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A low-cost, open source USB 3.0 Software Defined Radio platform with many examples and tutorials to help you experiment with RF.
A low-cost, open source USB 3.0 Software Defined Radio platform with many examples and tutorials to help you experiment with RF.
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501 backers pledged $191,422 to help bring this project to life.

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In case you missed it

For all of the latest bladeRF software defined radio project updates please follow our blog .

In case you missed it we are now on stable release 2015.02, which is available on Github. This release has stable support for GSM basestation programs such as YateBTS and OpenBTS.

If you are a Windows user you may be interested in knowing that we have an alternate, higher performance driver alternative to libusb called the Cypress driver. If you are suffering from low sample speeds on Windows take a look at the following instructions 

Lastly, bladeRF's Simulink and MATLAB support are functional but still in beta and constantly improving. Simulink and MATLAB are now installed directly by the Windows installer ( ). There is a historical listing of installers available at .

bladeRF OpenBTS support update

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A beta release of OpenBTS support is now available at ! Client phones can now associate, and use OpenBTS, there are still a few fixes in the works for USB2.0, RF power and filtering. We need a few more people to help us test our OpenBTS before we get ready for a stable release.

We encourage first time OpenBTS users to come join us in #bladeRF on FreeNode ( use as a web client ) as we prepare an installation guide. We are working on putting together an FAQ for OpenBTS so the more questions we receive, the better!

Hope everyone has a great weekend!


Blog link:

Transverter Update

Hello backers,

   As a quick announcement, we are still looking for a few beta testers for our highly experimental OpenBTS release candidate, . Please join us on IRC at Freenode in #bladeRF if you require assistance or wish to share your experience. We hope to have stable support shortly.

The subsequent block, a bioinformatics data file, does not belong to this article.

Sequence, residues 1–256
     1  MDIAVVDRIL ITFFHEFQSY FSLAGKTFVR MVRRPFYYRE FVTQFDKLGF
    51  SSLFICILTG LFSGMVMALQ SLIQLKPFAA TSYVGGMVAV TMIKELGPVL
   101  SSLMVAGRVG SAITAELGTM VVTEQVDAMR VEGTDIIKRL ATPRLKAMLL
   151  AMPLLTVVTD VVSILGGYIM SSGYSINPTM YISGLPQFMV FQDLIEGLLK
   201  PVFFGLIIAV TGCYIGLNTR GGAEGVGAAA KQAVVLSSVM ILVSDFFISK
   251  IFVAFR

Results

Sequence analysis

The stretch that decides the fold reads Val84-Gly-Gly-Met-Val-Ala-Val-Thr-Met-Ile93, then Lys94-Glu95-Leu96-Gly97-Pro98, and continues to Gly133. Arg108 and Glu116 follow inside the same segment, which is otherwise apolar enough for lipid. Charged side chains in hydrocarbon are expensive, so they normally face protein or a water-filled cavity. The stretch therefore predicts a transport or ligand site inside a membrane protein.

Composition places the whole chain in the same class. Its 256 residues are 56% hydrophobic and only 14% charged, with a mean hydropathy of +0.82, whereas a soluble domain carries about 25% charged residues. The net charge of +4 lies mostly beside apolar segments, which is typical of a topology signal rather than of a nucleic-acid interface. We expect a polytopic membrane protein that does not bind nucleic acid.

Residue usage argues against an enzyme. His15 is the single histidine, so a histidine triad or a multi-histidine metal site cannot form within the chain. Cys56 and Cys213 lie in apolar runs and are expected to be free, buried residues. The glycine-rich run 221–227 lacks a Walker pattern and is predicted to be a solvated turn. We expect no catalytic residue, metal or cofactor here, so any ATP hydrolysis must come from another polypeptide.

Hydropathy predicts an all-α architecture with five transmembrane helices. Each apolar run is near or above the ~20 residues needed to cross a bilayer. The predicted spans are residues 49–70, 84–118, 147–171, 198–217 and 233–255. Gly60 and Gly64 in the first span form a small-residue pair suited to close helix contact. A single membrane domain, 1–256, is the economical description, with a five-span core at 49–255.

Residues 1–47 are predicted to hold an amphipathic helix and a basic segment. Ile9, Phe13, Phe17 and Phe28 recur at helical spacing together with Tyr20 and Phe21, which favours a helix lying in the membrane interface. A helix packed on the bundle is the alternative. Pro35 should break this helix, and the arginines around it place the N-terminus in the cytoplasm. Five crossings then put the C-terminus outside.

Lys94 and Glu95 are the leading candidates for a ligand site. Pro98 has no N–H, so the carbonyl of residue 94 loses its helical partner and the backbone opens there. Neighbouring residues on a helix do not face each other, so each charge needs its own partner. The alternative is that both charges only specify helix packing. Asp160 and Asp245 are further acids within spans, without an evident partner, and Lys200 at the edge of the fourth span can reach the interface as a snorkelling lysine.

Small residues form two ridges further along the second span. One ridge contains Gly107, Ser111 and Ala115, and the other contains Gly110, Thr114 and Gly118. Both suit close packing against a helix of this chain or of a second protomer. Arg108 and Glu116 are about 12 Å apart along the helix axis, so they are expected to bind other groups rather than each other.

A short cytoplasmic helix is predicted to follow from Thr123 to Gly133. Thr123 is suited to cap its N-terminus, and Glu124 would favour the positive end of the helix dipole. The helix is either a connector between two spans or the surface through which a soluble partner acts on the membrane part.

During our Kickstarter campaign we received many requests to expand the bladeRF's frequency range, so very early on we promised to delivered something that would do just that. Though the original delivery estimate for the transverter came and went with us not having more than a basic schematic, we received nothing but helpful feature requests and feedback from the community. It then became apparent to us what we had to do. So in the same fashion that we delayed the bladeRF shipments to upgrade our shields, clocking architecture and FPGA size for the x15 backers, we hope to have made this wait equally worth it for everyone with the following transverter upgrades:

     1. Expanded frequency range. The initial specification called for a low frequency range of 10Mhz, the upgraded transverter now goes down to 60kHz. The RF switches provide an easy way of expanding the frequency range, not replacing it, meaning that the transverter board does not have to be unplugged to use the bladeRF's original frequency range. RX can easily be at 1MHz, while TX is at 3GHz.

      2. The addition of selectable RF filter banks. The RX and TX paths each have a set of 3 filters, at the 50MHz-54MHz (6 meter band), 149MHz-159MHz (2 meter band), and 206-235MHz bands. There are also pairs of SMA connectors that will let users plug their own band filters into the RF path.

      3. Component selection. To achieve really high filter performance, all of the passives in the RF paths are high-Q, low-ESR, low-DCR, and at most 2% tolerant components.

     4. The LO synthesizer has been upgraded to an ADF4351 to improve the phase noise and total system SNR. The synthesizer also draws its reference from the 0.050ppm (50ppb) factory calibrated VCTCXO. The whole clock synthesis compartment is shielded by a thick aluminum RF shield.

       5. The addition of C API and HDL controlled GPIO pins. These GPIOs are fully configurable IO pins that allow for the transverter to control amplifiers, filters, antenna systems, LEDs, etc. More information can be found on the product page at . The schematic is available at along with the RF filter design at .

After the preproduction run of units we made in February, the mass production kick-off happened a few weeks ago in early March, so we will begin seeing a trickle of transverter boards later this month, with a very good chance of all orders being shipped out by April. To be certain the transverters arrive at the correct location we will ask everyone to confirm their mailing addresses before we ship out the transverters.